488 views | Akanimo Sampson | December 14, 2019
The 2019 Handbook of Statistics published by the United Nations Conference on Trade and Development (UNCTAD) says global trade and economic output stagnated this year after a continued surge last year.
Merchandise trade is however, predicted to drop by 2.4% to $19 trillion, after significant growth rates in 2018 (9.7%) and 2017 (10.7%).
Trade in services is predicted to only increase by 2.7% to $6 trillion, a considerable deceleration from 7.7% in 2018 and 7.9% in 2017.
Real global economic output (gross domestic product) is now expected to grow by 2.3% this year, 0.7 percentage points less than last year.
UNCTAD’s Chief Statistician, Steve MacFeely, said “we see consistency across a range of indicators – the global economy is slowing.”
In volume terms, the world merchandise trade increased by 2.3% last year. The 9.7% increase in values could to a large extent be attributed to changes in prices. For example, fuel prices recorded substantial growth, year-on-year, during all the months of 2018, a trend that was reversed at the beginning of 2019, as UNCTAD’s free market commodity price index shows.
Maritime transport lost momentum in 2018. World seaborne trade volumes rose by only 2.7%, compared with 4.7% in 2017, and port container traffic grew by 4.7%, two percentage points less than the year before.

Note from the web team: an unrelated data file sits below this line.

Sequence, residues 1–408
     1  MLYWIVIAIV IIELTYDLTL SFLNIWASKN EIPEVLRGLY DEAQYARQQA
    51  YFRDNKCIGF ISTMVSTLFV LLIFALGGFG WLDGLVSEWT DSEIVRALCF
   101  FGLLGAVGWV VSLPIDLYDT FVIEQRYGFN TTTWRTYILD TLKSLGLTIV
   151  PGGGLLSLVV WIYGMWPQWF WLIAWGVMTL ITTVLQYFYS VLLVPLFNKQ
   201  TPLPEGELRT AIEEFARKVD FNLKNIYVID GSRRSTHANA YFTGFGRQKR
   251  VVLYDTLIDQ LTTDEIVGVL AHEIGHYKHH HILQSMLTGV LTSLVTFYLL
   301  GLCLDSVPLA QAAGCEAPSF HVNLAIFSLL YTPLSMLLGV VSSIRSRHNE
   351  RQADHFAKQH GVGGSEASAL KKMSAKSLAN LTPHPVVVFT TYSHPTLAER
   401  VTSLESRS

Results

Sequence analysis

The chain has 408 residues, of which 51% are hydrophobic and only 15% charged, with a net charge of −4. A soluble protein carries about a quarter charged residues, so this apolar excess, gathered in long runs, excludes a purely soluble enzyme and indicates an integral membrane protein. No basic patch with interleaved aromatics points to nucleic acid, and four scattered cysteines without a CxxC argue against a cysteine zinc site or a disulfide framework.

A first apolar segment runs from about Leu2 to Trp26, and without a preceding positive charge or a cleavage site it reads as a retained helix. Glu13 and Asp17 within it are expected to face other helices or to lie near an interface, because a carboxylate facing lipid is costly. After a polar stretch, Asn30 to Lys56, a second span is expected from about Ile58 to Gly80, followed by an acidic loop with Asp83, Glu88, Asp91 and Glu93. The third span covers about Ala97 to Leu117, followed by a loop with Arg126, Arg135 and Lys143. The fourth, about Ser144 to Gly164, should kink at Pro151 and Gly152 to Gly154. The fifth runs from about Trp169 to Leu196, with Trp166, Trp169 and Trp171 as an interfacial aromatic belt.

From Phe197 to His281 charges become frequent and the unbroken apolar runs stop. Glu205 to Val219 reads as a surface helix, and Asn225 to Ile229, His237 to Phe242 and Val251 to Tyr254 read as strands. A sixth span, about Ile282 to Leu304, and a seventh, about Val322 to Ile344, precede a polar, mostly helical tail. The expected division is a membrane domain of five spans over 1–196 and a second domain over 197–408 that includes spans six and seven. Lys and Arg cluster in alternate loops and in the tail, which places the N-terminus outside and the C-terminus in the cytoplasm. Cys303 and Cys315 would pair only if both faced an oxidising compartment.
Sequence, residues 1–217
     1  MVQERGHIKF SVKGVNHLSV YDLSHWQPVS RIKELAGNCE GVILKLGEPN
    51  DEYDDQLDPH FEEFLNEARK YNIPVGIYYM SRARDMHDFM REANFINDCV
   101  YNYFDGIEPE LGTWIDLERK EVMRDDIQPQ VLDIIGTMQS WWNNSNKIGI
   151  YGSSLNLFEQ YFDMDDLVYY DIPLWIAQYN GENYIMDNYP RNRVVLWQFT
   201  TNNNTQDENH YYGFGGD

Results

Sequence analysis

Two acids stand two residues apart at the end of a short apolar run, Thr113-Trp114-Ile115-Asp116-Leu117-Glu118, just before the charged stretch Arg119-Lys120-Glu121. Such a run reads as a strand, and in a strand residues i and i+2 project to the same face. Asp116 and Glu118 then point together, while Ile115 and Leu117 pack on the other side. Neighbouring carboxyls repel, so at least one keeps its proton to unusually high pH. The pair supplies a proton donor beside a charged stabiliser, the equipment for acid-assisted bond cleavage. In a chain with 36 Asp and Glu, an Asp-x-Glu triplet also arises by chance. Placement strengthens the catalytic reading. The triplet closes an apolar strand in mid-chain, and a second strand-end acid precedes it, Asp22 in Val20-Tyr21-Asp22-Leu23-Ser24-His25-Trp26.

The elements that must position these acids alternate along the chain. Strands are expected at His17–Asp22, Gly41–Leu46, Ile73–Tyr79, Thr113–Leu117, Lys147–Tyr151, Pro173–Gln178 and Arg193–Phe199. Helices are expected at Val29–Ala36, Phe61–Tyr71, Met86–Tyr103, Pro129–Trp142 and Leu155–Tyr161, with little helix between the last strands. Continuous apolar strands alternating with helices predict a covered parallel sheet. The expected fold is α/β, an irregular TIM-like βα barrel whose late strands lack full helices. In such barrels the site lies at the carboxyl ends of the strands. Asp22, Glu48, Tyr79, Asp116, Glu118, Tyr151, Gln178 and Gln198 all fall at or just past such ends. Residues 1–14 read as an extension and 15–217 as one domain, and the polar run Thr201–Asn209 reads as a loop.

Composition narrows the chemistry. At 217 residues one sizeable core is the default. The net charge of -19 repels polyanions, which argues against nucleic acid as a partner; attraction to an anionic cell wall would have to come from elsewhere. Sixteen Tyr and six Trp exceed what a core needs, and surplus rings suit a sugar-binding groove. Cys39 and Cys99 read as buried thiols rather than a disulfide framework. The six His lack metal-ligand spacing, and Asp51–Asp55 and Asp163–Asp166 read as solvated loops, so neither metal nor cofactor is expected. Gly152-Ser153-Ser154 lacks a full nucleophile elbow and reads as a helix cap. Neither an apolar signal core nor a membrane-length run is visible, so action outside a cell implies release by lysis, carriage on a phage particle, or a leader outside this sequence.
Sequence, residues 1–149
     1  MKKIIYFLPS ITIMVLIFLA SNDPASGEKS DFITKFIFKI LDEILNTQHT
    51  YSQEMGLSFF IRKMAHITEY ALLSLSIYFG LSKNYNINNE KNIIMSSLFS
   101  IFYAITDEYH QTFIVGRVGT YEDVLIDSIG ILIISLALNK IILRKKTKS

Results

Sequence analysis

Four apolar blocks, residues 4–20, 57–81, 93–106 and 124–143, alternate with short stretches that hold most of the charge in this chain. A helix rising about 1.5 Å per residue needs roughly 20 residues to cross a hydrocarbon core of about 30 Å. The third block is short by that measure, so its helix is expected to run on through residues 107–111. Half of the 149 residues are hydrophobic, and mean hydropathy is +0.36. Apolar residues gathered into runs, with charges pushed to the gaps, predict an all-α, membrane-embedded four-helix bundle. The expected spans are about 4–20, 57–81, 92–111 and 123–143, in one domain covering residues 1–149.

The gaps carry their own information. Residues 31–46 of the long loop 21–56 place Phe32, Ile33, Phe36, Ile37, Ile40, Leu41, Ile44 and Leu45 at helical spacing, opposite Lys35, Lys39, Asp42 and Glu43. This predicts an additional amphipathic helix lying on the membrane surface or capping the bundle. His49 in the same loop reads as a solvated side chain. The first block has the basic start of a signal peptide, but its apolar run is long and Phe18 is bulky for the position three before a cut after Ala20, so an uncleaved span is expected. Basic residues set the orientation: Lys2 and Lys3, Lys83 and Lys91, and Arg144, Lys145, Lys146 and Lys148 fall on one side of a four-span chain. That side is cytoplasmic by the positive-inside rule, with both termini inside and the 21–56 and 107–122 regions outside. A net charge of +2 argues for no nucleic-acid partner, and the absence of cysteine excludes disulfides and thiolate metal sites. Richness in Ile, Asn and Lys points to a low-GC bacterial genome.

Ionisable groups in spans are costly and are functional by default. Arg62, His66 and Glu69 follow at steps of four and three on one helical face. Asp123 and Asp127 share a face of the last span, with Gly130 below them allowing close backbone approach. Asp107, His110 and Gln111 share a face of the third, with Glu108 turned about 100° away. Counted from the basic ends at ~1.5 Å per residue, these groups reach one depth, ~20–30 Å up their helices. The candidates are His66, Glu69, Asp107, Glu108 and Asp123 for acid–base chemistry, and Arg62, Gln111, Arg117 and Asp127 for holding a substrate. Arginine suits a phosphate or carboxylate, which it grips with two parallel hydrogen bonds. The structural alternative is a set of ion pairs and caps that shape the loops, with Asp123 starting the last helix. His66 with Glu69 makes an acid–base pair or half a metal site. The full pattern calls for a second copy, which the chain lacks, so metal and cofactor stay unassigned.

UNCTAD’s 2019 Handbook of Statistics depicts these and other major trends in statistics relevant to international trade and development, summarising the broad spectrum of statistics maintained in the online database UNCTADstat.
“The handbook is designed to supply a broad range of users, from all regions of the world and working in different domains, be they policymakers, businesses, researchers, journalists or the person on the street who is interested in global economic and social affairs, with high-quality, impartial and easily readable information on latest trends and patterns”, MacFeely said.
The handbook boasts numerous maps, figures, infographics and tables, accompanied by descriptive text, all of which reveal interesting, sometimes curious, recent developments, such as foreign direct investment from the US turning into negative in 2018.
It also shows the rising merchandise trade deficit of the developed economies as a group since 2016 and a growing spread of the world supply of manufactured goods by exporting economies over the last two years.
The 2019 edition also extends to new domains, such as statistics on port calls and the time ships spent on ports.